As I watched the first few days of confirmation hearings for Judge Ketanji Brown Jackson, who President Joe Biden nominated to the United States Supreme Court, I am reminded that even with impeccable credentials, Black women still face resistance. Brown Jackson has several clerkships, judicial appointments, and positions to envy under her belt. Her confirmation should be an open-and-shut case.
What is clear to me, however, is that although Black women are among the most educated and accomplished groups in the nation, our accomplishments do not always correlate to roles with significant decision-making authority. We also know that positions for which Brown Jackson is being considered do not come often for Black women; not because we lack credentials but because such positions are usually reserved for the privileged elite. Further, racism and sexism still prevent Black women from attaining that which is so easily granted to our counterparts. Yet we persist, knowing that our persistence clears the path for others who will come alongside or after us.
If history is to be trusted, we know Brown Jackson’s nomination hearings will be filled with incredulous attacks and unfair innuendo. The commentary around her sentencing of child predators is a proof point. Brown Jackson will also be questioned and held to account for things far outside of her control. For instance, she has been challenged by Sen. Lindsay Graham and Sen. Ted Cruz for what conservatives view as slights against jurists Amy Coney Barrett or Brett Kavanaugh, during their nomination hearings. We will hear about ‘de-legitimizing the judiciary,’ ‘activists judges,’ and a whole host of phrases that subtly suggest Brown Jackson, or any other candidate who disrupts the status quo, is unfit to serve on the Supreme Court.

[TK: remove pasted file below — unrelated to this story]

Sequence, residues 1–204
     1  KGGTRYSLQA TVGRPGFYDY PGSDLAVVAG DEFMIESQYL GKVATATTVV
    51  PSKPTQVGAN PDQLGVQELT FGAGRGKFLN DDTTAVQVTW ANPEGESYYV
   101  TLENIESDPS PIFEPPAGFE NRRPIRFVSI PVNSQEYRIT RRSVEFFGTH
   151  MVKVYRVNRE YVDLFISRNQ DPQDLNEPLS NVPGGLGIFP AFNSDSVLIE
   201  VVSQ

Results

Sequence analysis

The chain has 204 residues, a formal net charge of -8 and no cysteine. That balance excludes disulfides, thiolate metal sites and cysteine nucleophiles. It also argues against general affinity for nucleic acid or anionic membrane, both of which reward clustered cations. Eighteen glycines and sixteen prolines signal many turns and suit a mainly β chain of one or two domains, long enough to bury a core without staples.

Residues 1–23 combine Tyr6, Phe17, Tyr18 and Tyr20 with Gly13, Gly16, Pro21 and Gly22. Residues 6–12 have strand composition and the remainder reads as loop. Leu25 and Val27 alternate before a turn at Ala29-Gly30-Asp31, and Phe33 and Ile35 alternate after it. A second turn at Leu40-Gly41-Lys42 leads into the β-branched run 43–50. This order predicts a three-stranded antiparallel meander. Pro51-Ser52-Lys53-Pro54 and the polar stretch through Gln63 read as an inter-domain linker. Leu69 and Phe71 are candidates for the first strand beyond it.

In the face of such attacks, I hope Brown Jackson experiences steadfast support from the Biden administration, advocates for progress and from women from all walks of life. I also hope that educators across the country do more to ensure that Brown Jackson is not an anomaly, working harder to truly see and invest in Black girls and youth.
While the road will undoubtedly be difficult, I am confident that Brown Jackson’s accomplishments create hope for countless women and girls. I watch the hearings with pride, understanding that Brown Jackson has already broken barriers and shattered ceilings. That is to be celebrated and cherished.”